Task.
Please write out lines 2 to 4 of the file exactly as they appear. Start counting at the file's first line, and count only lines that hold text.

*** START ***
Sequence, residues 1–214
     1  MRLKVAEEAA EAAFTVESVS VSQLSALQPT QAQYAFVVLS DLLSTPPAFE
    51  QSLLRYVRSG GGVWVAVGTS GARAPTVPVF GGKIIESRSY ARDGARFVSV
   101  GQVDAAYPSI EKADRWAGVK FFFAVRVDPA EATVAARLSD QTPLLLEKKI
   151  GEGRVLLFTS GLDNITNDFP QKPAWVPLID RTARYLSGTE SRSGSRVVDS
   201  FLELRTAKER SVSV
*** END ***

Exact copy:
     1  MRLKVAEEAA EAAFTVESVS VSQLSALQPT QAQYAFVVLS DLLSTPPAFE
    51  QSLLRYVRSG GGVWVAVGTS GARAPTVPVF GGKIIESRSY ARDGARFVSV
   101  GQVDAAYPSI EKADRWAGVK FFFAVRVDPA EATVAARLSD QTPLLLEKKI